World Bank President Jim Kim has called gender-based violence against women and girls a “worldwide epidemic” that “undermines all our work to end poverty and boost shared prosperity.”
Speaking during the World Bank and IMF Spring Meetings in Washington, D.C., Kim described GBV as “completely preventable” and vowed to make its prevention a priority during his second term as head of the institution.
The World Health Organization estimates that more than one-third of all women have suffered gender-based violence in their lifetime, while a 2014 World Bank report estimated GBV could cost a country up to 3.7 percent of its gross domestic product, equivalent to what most governments spend on primary education.
“This is a moral issue — we cannot stand by while so many women suffer harm that is completely preventable, but this is also an issue that … undermines all our work to end poverty and boost shared prosperity — lost productivity, lost work days, health care costs, stories of human suffering, much of which is left untold,” he said.
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The World Bank has been ramping up its efforts to tackle GBV in recent years, in part after construction workers at a bank-funded transport project in Uganda were accused of sexual abuse against children and women. The bank cancelled the project and vowed to learn lessons from the “multiple failures” of staff overseeing it.
Speaking at an award ceremony for innovations to prevent and respond to gender-based violence launched by the bank last year in collaboration with the Sexual Violence Research Initiative, Kim outlined a number of bank strategies and projects aimed at helping member countries, and also the bank itself, better prevent GBV from occurring.
The awards — valued at $150,000 each — are distributed through the bank’s Development Marketplace, a grants program for innovative solutions. This year 10 recipients were in D.C. to receive their awards. Before they were handed out, Kim said the bank would spend a minimum of $3.5 million on more development marketplace initiatives to combat GBV.
The GBV marketplace grants were launched last year in memory of Hannah Graham, daughter of a longtime World Bank employee, who was murdered in 2014.
In late 2016 the bank also formed a global gender-based violence task force designed to strengthen the institution’s policies and procedures around identifying and responding to cases of sexual exploitation and abuse in relation to projects it funds.
The task force is led by Geeta Rao Gupta, a gender expert and former deputy executive director for programs at UNICEF, alongside Katherine Sierra, former vice president for sustainable development at the World Bank where she worked for 32 years. The team has nine other members, including Ntenga Moses, head of Joy for Children, the Ugandan NGO that lifted the lid on the sexual abuse being carried out by workers on the bank-funded transport project.
After the Uganda project revelations, the bank implemented a number of improvements to the way it handled GBV risks, Sierra and Gupta explained, the job of the task force is now to assess those changes, identify gaps, and suggest further improvements.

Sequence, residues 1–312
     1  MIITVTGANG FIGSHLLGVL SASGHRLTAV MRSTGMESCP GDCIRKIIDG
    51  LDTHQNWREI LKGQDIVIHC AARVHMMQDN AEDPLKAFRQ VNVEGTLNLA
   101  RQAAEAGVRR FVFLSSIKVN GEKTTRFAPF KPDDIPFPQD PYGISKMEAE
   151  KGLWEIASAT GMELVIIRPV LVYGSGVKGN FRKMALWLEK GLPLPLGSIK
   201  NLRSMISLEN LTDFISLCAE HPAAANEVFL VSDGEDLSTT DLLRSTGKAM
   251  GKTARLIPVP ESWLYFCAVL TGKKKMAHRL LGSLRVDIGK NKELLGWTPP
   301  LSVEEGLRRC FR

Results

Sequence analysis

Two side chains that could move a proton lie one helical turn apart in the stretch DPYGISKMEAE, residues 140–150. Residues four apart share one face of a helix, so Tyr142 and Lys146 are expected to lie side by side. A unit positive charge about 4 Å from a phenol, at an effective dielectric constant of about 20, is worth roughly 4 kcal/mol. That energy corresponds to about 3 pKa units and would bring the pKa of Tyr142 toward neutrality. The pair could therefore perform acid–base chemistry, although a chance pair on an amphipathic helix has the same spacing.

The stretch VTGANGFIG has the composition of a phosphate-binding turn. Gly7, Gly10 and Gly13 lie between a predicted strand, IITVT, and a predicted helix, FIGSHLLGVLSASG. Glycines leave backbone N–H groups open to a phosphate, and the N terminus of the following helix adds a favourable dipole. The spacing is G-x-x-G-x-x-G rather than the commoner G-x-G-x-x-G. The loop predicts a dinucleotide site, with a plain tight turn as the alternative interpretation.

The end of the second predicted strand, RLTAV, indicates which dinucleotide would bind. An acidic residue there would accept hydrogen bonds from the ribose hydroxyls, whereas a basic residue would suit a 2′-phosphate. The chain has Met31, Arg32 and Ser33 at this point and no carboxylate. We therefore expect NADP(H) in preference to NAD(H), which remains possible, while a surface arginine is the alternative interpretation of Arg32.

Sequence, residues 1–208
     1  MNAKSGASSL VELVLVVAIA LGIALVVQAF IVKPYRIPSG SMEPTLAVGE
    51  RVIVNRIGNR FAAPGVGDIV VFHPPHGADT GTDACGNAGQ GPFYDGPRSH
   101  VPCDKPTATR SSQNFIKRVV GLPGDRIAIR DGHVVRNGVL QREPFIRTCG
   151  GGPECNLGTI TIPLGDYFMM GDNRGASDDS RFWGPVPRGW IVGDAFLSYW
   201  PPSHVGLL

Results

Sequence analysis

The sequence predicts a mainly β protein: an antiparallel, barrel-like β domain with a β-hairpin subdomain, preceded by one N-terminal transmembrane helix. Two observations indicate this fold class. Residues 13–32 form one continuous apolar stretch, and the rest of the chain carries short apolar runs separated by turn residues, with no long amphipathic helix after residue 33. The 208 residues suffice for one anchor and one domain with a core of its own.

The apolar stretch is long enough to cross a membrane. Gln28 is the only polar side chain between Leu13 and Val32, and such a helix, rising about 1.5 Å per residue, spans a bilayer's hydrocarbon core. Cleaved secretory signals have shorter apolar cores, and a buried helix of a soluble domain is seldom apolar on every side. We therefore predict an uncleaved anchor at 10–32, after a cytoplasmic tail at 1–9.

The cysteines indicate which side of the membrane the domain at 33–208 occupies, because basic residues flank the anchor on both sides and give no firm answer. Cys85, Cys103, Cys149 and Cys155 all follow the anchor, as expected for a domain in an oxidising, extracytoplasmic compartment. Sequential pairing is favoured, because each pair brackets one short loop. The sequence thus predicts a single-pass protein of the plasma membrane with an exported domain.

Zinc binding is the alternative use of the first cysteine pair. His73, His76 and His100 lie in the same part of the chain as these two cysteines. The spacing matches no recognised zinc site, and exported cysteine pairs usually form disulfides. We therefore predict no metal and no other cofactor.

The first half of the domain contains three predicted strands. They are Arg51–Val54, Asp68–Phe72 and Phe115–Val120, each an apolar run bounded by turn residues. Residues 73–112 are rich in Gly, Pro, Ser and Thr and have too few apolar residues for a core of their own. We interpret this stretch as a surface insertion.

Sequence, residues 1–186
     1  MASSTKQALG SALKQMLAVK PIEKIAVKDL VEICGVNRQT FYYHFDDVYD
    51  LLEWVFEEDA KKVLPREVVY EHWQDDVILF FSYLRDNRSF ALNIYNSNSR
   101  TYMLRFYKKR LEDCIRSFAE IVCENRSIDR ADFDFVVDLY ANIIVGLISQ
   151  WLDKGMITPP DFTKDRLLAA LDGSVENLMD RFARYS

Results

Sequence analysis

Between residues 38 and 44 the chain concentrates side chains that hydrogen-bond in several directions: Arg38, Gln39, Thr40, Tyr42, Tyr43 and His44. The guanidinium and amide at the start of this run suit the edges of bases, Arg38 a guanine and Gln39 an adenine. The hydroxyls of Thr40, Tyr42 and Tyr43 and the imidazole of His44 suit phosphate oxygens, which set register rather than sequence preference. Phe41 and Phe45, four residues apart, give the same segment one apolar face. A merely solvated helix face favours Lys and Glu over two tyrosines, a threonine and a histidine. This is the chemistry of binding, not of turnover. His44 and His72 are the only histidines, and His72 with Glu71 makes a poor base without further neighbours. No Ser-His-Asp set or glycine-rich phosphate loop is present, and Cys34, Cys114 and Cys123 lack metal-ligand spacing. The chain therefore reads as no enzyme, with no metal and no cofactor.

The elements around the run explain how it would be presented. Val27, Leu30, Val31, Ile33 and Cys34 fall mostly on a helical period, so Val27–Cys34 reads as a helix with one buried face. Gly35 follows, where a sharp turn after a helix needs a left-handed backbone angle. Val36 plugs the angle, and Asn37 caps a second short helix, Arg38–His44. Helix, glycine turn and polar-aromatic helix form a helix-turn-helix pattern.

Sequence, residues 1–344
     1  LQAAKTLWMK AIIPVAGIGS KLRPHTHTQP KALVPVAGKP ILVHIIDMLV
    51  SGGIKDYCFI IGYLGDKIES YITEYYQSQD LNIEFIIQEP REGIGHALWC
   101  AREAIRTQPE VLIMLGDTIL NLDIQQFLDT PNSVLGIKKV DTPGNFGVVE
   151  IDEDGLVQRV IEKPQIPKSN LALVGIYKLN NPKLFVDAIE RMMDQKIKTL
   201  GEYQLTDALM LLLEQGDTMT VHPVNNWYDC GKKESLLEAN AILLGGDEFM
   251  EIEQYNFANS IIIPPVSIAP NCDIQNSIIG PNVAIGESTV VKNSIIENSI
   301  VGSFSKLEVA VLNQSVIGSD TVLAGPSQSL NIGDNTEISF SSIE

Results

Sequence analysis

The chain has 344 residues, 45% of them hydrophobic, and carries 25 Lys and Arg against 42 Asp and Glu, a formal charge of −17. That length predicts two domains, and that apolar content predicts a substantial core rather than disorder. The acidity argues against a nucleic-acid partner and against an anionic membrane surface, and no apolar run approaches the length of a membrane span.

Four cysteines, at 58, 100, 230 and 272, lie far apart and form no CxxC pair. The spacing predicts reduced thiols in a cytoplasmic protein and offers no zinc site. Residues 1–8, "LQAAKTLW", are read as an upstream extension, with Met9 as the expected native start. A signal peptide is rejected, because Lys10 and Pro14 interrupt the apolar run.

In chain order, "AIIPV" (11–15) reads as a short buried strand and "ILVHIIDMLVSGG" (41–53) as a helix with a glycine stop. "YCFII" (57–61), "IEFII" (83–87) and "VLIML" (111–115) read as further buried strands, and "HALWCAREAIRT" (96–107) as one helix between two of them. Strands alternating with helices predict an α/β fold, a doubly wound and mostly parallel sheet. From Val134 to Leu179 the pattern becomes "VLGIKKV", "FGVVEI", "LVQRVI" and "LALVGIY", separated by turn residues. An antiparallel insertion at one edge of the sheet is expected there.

The group will submit its recommendations in June, and the bank will then develop an action plan to implement the suggestions.
“The taskforce was formed to think through what changes need to be made to the processes, systems, policies, behavior and culture within the World Bank in order to make sure in large projects where the bank gives loans to countries to implement and typically those associated with a large influx of labor … that such incidents do not occur again,” Gupta said.
According to Sierra, the abuses in Uganda went unnoticed by the bank due to monitoring systems failures and because staff had neither the knowledge nor the skills to understand what was happening or to address it quickly.
“Once the bank belatedly recognized the issue, it was a very swift and strong response,” she said. “But what we want is that projects going forward understand the risk, put in measures to prevent abuses, and that if offenses happen the response is immediate.”
Recommendations will include stronger risk assessments, engaging local communities to act as early warning systems for possible abuse, as well as providing support to victims, stronger accountability mechanisms for contractors and making sure bank policies are clear, comprehensive and built into the standard practices of the organization, Sierra explained.
Tackling GBV will not be easy, the co-chairs said, and requires a culture change within the bank, but also within member countries.
“We recognize these are very hard issues to discuss and address. It’s not about just saying we have the right policies and procedures in place but also providing staff with the understanding of why GBV is important for development outcomes, it’s not just a moral argument,” Sierra said.